NationalVOLUME 16 ISSUE # 03

Taxation and revenue mobilization an unmet challenge

Revenue mobilization is the Achilles heel of our economy. Despite tremendous tax potential, revenue collection always falls short of the target. All efforts made over the years by successive governments have failed to yield the desired results. Whether legislative or administrative forms, all have failed to work. Where lies the problem?

As identified by experts, the main issue is of approach. There are numerous rules and regulations and no dearth of processes and procedures. But the missing element in all the measures taken so far is the main stakeholder – the taxpayer. They figure nowhere. No effort has been made to win their trust or to convince them that paying taxes is in their own interest. A country with lower tax morale cannot achieve success with revenue mobilization efforts. No system can deliver unless there is a “willingness to pay” by the citizens of the country.

In our country, life is difficult for the honest taxpayer while the cheats get off scot-free. It is impossible to pay taxes honestly in the present circumstances in the country. There is so much distortion in the business landscape owing to smuggling, massive tax evasion, higher tariffs and corruption, which makes it very hard for a willing taxpayer to sustain the present tax burden fairly, thus forcing them to become part of the rot.

People working in the organized sector are willing to pay their legitimate obligation, provided there is a level playing field and the tax compliance does not make their business unsustainable. But the system is distorted which punishes the honest and rewards the tax evader. There is a general lack of trust in the ecosystem of our business sector, as it is not being engaged by the state to resolve the issues and create an environment conducive to tax payment. The state cannot succeed unless it creates a level playing field for its businesses, makes payment of taxes a sustainable option, ensures the benefits of taxation for all its citizens and wins their willingness to do so.

Modern tax administrations everywhere are friendly to its citizens and businesses. Given the range and nature of laws to be administered, the tax administration has to attend to a large number of clients and needs adequate powers and autonomy to perform in an efficient and effective manner. But it must operate in a fair and impartial manner, and be subject to a range of checks and balances to ensure transparency in its operations.

To this end, a transparent accountability mechanism is needed for the overall management of the tax system. There is a need to establish a strong governance and oversight mechanism for the Federal Board of Revenue (FBR). It should work without direct interference by the federal government under a strong and functional board which should keep a vigilant eye on its performance and functions as a fiscal policy adviser for the federal government.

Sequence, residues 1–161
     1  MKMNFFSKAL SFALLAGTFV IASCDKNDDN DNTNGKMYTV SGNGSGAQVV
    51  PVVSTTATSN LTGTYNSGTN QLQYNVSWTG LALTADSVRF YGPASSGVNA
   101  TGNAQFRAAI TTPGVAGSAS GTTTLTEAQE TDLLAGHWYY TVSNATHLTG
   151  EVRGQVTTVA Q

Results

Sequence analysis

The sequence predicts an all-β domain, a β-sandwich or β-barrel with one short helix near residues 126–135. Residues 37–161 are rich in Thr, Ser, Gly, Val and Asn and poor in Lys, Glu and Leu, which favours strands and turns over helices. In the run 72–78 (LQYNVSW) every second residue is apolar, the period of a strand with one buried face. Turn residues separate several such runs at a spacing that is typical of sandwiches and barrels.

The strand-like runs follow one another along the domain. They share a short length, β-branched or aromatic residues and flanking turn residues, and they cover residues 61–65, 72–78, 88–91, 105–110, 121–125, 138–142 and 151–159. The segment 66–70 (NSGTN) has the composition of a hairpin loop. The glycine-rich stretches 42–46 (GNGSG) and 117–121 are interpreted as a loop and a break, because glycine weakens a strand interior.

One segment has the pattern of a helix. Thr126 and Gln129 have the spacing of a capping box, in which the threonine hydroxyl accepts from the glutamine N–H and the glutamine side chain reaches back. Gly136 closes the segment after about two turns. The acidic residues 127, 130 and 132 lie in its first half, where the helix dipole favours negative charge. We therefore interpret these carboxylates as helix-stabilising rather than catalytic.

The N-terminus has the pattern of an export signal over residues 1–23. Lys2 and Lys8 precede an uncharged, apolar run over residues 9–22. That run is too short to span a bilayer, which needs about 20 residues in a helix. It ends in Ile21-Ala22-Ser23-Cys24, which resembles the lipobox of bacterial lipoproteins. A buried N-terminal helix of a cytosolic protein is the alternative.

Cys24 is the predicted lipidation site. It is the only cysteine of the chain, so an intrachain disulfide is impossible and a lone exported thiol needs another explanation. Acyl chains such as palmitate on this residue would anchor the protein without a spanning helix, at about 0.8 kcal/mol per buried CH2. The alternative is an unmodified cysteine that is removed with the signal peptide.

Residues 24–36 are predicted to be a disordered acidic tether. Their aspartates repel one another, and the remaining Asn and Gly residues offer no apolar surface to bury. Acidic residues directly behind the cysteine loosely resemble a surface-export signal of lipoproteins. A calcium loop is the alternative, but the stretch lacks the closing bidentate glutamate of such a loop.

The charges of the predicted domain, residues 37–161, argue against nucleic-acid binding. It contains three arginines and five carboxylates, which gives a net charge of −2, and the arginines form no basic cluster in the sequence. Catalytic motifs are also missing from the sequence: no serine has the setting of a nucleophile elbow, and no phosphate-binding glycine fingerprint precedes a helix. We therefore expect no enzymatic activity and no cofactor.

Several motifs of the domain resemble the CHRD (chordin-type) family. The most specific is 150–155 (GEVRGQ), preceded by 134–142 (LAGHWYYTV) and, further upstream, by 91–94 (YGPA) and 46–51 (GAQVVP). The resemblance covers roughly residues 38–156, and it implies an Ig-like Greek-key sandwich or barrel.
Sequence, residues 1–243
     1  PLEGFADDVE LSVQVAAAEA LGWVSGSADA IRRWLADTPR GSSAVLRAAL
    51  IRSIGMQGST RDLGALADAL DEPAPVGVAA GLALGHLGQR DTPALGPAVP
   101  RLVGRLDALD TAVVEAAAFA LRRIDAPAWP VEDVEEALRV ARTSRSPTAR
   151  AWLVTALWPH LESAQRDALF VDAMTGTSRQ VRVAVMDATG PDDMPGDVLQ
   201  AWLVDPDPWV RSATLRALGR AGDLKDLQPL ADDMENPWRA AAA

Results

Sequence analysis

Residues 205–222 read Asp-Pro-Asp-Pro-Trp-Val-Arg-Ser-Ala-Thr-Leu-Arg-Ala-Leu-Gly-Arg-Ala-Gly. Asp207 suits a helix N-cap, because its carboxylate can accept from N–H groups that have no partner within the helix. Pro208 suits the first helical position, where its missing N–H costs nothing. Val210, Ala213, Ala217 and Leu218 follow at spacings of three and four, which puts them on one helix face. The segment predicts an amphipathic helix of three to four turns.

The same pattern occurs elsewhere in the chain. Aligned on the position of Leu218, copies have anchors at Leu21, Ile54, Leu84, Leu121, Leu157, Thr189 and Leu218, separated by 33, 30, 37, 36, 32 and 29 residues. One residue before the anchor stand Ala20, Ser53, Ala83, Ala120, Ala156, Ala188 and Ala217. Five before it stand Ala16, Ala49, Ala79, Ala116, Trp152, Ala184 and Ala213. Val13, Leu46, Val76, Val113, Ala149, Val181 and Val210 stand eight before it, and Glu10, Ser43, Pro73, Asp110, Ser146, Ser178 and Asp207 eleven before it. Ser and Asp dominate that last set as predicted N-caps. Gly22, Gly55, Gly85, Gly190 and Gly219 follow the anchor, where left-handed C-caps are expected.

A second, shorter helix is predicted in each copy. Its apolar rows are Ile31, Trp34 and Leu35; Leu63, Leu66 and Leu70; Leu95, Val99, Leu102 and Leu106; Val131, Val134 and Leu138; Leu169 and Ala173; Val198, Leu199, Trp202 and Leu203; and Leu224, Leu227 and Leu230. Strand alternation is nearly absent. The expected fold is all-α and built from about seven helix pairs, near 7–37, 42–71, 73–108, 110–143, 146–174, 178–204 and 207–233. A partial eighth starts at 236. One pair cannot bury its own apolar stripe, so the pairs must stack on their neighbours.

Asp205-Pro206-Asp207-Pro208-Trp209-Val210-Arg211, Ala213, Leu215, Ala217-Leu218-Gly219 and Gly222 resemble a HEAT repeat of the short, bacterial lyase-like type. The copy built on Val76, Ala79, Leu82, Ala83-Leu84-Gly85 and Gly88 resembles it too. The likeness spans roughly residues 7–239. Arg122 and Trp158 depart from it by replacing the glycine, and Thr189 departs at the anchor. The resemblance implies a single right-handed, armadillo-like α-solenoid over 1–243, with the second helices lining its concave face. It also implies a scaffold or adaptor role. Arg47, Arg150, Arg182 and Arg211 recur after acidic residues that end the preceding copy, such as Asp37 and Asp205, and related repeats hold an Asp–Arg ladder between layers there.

A good taxation policy is the key to a successful economic policy. In all developed societies, there is an interactive participation of the stakeholders in policy formulations. The process could not be implemented in Pakistan in the past. So, potential revenue has been wasted owing to the absence of requisite policymaking that is essential to ensure sustainable growth in the revenue.

All over the world, the tax system and administration is technology-driven. Automation is the name of the game. Technology provides avenues and innovations to support tax revenue mobilization. It presents an opportunity to formalize informal businesses, expand the tax base, and increase the tax capacity. Simplifying processes and reducing the cost of formalization can help firms make the transition to the formal sector. The largest impact on compliance can result from the real-time exchange and analysis of taxpayer/trader data among the Federal Board of Revenue (FBR), provincial tax authorities, withholding agents, other national and international databases. Big data and computing power help tax authorities to better detect tax evasion by tracking and registering all ongoing transactions.

There should also be an audit and fraud investigation programme based on clear risk assessment criteria. The transition to a technology-based audit will result in fewer, well-targeted taxpayer audits. It will enable tax officers to devote their quality time to medium and high-risk cases, build confidence of the compliant taxpayers and improve the Federal Board of Revenue (FBR) image.

Smuggling drives a big hole in tax collection. It has played a central part in fuelling the informal economy and limiting growth. The government should rationalize the import duties and contain smuggling through a single law enforcement agency, rather than mandating it to multiple agencies as being done presently. The customs checking and monitoring of the western borders should also be upgraded in addition to visible vigilance and action in the markets selling smuggled goods. The FBR should also digitise its customs entry-exit system by investing in equipment and software for the non-intrusive inspection of import, export and transit cargo. It will accelerate customs clearance, reduce the frequency of inspections and seamlessly detect fraudulent declarations.